Take the 2-minute tour ×
User Experience Stack Exchange is a question and answer site for user experience researchers and experts. It's 100% free, no registration required.

In addition to a changelog-style data display tool, I am adding a timeline that visualizes when these changes happened. The timeline should be infinitely variable, with the possibility of zooming in out to change the total length of the timeline between a day and even several months. The event items should always stay clickable to show details. The events do also belong to different groups, that I'd like to display with colors.

I initially came up with a simple 1-D timeline, that uses horizontal bars to display the events. Since the events apply to only a point in time, making the bars wider would also mean the actual pointer on the timeline gets more inaccurate. Thats why I came up with those little flag-like markers, that are both accurate and also provide a larger click-area.

Now the point where I'm stuck is when several events get very close to each other, especially when zooming out. The points will wander together until they are not distinguishable any more. The solution to merge the pointers and displaying a number on the flag seemes to be a good solution, but when events of different groups merge it can get very frustrating.

enter image description here

Do you think my solution is sufficient in terms of usability? Can you think of any other solutions?

share|improve this question
add comment

3 Answers

I've a bit of experience designing timelines, here's the end result of one of them that solves your multi event problem you've noted - Industrial-Heritage or Operation Dynomo.

What happens here is that a stacking order is set as and when needed, it recalculated at the different zoom levels to where possible remove the stack if more precise dates are available.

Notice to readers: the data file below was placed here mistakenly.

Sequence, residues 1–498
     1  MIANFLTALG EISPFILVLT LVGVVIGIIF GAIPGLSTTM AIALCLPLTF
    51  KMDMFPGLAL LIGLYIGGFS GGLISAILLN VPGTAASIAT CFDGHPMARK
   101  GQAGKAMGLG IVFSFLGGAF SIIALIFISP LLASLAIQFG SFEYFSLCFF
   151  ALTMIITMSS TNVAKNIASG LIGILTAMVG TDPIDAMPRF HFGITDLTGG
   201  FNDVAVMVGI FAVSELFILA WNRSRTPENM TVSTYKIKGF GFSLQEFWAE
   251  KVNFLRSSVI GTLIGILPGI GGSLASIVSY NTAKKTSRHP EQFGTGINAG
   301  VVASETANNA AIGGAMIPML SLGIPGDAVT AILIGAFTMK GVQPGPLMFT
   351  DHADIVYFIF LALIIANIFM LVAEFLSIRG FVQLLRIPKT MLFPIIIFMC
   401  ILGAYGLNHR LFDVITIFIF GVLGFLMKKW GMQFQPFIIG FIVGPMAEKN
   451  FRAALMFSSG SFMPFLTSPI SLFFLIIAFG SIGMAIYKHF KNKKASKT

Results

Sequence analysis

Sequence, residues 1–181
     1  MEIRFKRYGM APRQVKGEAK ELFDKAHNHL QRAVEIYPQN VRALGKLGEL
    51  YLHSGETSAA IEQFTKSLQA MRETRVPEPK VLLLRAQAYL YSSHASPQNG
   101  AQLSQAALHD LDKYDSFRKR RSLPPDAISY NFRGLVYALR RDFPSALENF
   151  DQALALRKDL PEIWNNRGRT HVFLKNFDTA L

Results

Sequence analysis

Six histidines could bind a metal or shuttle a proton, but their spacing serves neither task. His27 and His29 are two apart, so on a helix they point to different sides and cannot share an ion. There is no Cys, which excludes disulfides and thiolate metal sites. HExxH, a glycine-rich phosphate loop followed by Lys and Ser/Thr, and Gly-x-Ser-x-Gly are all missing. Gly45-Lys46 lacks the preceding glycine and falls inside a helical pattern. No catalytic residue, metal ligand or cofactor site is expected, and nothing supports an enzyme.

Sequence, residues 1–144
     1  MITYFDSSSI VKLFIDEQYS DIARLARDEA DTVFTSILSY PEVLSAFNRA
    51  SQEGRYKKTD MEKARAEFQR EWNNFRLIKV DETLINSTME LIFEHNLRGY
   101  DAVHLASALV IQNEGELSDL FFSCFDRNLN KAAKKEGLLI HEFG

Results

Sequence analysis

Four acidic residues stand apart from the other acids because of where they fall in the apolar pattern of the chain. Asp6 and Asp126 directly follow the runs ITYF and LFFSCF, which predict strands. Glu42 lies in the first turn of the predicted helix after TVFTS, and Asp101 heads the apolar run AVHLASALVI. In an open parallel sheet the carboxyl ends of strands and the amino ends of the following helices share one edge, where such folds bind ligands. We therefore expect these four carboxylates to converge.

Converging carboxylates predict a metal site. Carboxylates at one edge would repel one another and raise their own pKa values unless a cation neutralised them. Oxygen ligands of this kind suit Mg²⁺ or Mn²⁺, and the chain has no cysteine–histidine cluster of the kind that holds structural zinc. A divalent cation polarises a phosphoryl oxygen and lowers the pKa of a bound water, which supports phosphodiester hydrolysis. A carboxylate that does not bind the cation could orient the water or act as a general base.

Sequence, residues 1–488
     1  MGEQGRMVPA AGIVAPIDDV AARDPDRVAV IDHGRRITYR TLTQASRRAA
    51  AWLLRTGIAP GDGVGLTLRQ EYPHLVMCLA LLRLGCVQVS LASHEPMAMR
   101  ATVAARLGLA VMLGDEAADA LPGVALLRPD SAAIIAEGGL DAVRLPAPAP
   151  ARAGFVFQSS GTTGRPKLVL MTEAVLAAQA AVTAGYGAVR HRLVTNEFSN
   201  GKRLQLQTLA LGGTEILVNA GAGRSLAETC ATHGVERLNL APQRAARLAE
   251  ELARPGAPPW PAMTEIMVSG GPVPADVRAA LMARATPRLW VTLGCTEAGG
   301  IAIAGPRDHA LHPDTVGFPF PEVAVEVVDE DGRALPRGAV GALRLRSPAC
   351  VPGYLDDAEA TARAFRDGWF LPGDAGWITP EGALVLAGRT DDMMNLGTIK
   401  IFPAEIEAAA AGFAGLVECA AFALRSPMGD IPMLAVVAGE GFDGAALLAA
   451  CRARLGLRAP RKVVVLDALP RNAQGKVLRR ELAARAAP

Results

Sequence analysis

These examples use javascript to render canvas elements to represent the plotted events. There are a few scripts to note that offer timeline functionality, I'd recommend looking at how the common challenges have been overcome in jqplot, D3, smile widgets and timelinejs. We spent quite a long time working with the options extending them quite considerably for what we needed - a customised jqPlot is used in the above examples.

Since this app we have been developing a further timeline for another client due to launch soon. This time round we have written the scripts required for the functionality as you'll be aware of if you've used javascript libraries in the past they come with huge amounts of code that you never actually use or only use a single function from a perquisite library of hundreds.

Hope this helps you make some decisions and don't forget Julian Day challenges if your dates pre date what can be stored in a database!

share|improve this answer
    
Many thanks for your examples. The stacking in your timeline looks good, but arraning the stacks seems to be only done for a specific zoom level - when zooming out, the blocks again move together. The overall concept seems similar to how Simile does this, which we also took into consideration, but rejected eventually because is had problems with some browsers. –  J_rgen Oct 25 '12 at 20:30
add comment

When the users zoom out to the point that there are multiple event stacks overlapping, you could give them second level options to view the details, when they tap on the timeline. See image below.

enter image description here

So on the first click on the overlapping area, all event stacks in that time period can be displayed in a row with color coded icons, and then they can click on any of those icons to explore them further.

share|improve this answer
add comment

You could put the "flags" at different heights. Given enough height, the only limit on accuracy is when the width of a unit of time between events becomes less than one pixel. Flags should be the same color as their poles. Intelligent (programmatic) color selection can ensure the sequence is discernable even when the vertical lines (poles) are touching. Simultaneous events are illustrated by multiple flags on the same pole (the green flags here).

timeline "flags" and "poles"

share|improve this answer
    
Very creative, I like how the order of the items is preserved. The downsides for me are the needed height and a certain limitation of items in the crowd. –  J_rgen Oct 25 '12 at 20:38
add comment

Your Answer

 
discard

By posting your answer, you agree to the privacy policy and terms of service.

Not the answer you're looking for? Browse other questions tagged or ask your own question.